The Governor of California, Arnold Schwarzenegger, was accused of betraying his green credentials recently after the state slashed its targets for zero-emission vehicles by around 70% and lessened the requirement for hydrogen-powered vehicles on its roads.
The California Air Resources Board (CARB) yesterday revised the target to just 7,500 vehicles, a 70% reduction and the move is the latest in a series of drastic erosions of the zero-emission vehicle (ZEV) programme, which stipulated that 10% of cars made by the country's main manufacturers should be emission-free by 2003.
Environmental group Friends of the Earth complained that the state has bowed to car manufacturers by weakening a mandate, set five years ago, for at least 25,000 electric and hydrogen-powered vehicles to be on California's roads by 2014.
While it is noted that CARB is a state agency independent of Schwarzenegger, campaigners have been disappointed by the former movie star’s failure to take a public stand on the ZEV issue before the board's decision - given his otherwise noisy advocacy of the reduction of greenhouse gas emissions.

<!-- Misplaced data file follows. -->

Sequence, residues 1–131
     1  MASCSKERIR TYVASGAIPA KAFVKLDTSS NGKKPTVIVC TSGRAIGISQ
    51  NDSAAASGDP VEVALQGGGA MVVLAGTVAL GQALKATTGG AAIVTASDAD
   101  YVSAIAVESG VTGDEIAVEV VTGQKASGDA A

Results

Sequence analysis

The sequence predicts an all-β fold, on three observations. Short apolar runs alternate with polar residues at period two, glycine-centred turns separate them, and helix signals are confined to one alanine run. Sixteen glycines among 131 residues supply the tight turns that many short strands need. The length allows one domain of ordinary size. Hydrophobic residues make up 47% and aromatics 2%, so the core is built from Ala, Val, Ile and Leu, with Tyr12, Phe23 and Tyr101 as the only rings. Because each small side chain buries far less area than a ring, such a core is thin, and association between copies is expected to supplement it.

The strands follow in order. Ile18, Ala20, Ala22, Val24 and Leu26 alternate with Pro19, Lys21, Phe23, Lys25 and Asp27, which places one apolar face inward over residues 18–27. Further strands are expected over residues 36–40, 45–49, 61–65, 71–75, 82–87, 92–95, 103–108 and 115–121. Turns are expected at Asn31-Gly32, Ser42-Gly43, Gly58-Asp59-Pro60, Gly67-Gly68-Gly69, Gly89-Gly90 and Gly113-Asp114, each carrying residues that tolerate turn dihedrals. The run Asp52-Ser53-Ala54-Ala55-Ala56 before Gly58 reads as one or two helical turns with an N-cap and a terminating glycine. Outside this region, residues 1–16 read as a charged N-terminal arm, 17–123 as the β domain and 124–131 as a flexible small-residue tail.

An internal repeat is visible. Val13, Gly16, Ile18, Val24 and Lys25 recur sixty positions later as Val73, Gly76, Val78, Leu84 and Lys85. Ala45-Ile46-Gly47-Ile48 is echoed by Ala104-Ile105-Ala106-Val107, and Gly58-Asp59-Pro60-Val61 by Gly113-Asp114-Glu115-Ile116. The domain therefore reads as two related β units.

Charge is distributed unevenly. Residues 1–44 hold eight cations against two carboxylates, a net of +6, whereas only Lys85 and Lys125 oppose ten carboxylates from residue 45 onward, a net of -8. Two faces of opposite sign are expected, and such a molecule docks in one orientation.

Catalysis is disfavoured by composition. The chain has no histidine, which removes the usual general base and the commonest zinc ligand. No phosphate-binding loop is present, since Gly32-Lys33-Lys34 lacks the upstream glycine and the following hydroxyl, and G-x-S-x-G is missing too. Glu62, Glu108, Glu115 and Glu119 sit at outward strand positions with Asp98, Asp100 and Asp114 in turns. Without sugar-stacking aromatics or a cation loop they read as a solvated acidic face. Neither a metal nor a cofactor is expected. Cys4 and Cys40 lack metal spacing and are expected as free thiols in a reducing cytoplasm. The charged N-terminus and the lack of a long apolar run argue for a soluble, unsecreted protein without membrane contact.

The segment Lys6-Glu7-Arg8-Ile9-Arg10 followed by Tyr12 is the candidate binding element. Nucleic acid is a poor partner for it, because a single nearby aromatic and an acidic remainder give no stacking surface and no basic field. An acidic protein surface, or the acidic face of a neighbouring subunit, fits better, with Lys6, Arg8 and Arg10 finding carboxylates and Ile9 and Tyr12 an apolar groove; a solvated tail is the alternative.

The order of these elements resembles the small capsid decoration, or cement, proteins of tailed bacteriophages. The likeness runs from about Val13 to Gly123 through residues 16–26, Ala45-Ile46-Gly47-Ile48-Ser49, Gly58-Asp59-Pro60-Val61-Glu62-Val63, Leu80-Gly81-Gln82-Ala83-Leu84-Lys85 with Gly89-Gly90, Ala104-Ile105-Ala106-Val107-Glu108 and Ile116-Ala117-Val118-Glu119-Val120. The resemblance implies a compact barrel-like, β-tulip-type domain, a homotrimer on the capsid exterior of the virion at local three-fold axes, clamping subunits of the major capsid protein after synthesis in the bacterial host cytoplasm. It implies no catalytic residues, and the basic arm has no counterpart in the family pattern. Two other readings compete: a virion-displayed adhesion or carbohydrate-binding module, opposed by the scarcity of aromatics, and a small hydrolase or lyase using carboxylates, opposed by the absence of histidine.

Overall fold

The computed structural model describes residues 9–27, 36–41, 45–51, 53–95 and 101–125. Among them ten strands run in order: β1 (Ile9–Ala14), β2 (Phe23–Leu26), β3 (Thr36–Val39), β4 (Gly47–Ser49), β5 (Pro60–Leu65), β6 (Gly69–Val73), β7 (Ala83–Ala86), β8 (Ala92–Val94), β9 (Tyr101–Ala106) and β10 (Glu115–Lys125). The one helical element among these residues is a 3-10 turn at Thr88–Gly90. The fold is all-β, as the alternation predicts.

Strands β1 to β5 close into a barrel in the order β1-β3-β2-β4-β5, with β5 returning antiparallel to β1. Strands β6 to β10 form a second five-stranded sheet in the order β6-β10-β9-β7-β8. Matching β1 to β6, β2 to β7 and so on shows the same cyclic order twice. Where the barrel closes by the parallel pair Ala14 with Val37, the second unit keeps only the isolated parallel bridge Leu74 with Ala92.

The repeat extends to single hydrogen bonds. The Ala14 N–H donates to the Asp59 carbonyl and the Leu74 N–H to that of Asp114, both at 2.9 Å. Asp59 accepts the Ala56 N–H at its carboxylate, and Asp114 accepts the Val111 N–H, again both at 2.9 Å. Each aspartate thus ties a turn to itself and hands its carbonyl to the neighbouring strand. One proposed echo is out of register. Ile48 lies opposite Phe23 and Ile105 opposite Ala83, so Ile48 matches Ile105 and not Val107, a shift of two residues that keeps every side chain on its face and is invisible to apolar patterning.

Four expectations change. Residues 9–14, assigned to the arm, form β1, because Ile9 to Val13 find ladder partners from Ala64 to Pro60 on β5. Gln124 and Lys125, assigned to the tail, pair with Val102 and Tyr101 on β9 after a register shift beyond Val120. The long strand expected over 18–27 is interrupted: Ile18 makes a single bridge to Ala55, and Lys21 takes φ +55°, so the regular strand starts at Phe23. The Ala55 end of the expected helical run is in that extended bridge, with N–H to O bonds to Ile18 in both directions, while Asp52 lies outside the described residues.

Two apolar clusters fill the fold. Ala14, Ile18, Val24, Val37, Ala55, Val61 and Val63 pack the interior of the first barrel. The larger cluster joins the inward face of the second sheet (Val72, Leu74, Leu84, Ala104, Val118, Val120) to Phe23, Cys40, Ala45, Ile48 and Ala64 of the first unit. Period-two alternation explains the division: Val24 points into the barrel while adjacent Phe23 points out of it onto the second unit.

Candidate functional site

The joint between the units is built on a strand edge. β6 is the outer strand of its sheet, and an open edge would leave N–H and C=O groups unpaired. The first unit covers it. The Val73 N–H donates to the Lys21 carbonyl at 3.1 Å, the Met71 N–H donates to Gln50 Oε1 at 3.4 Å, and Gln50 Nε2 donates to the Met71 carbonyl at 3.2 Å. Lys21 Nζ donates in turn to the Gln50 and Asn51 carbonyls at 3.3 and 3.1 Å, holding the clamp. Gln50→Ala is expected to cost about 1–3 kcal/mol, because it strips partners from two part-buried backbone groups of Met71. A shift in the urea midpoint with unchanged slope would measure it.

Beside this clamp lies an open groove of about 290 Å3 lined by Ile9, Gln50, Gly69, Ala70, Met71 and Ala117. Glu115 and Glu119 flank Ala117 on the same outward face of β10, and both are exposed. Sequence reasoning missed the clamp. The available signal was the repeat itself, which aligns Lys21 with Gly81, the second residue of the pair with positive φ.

Danielle Fugere, FoE's West Coast Director, said with disappointment, “This is another step backwards. The move by CARB is political, it's because of pressure from auto-makers. We didn't see him pushing CARB to do the right thing.”
The decision is now widely expected to affect 12 other states that had adopted California's ZEV target.
Car manufactures, which had reportedly lobbied aggressively and even threatened to go to court to fight the previous mandate, said they were pleased with the revised measure. They said that the previous target was too rushed and they needed more time to develop affordable hydrogen and battery-powered vehicles.
Initiatives will be back
All is not entirely lost in the quest for cleaner, greener vehicles in the state, however. To help compensate for downgrading its ZEV mandate, the CARB has set new rules requiring them to build nearly 60,000 plug-in hybrid vehicles in California while the technology that will allow mass production of pure zero-emission vehicles is developed.
Mary Nichols, Chair of CARB, hit back, “We're introducing a whole new category of vehicles to the public. I don't think it's a step backwards in the real world.”